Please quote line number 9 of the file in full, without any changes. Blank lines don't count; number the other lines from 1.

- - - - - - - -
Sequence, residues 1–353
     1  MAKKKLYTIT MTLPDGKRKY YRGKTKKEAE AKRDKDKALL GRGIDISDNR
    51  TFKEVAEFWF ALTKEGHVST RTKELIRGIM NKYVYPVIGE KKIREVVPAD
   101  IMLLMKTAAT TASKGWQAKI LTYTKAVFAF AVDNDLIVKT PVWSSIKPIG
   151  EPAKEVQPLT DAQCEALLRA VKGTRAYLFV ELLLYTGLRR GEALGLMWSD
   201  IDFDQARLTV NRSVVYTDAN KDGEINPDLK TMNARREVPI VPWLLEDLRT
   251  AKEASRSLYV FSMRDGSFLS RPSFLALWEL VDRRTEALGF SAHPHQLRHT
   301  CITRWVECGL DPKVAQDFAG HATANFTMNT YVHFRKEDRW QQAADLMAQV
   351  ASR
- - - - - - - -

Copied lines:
   351  ASR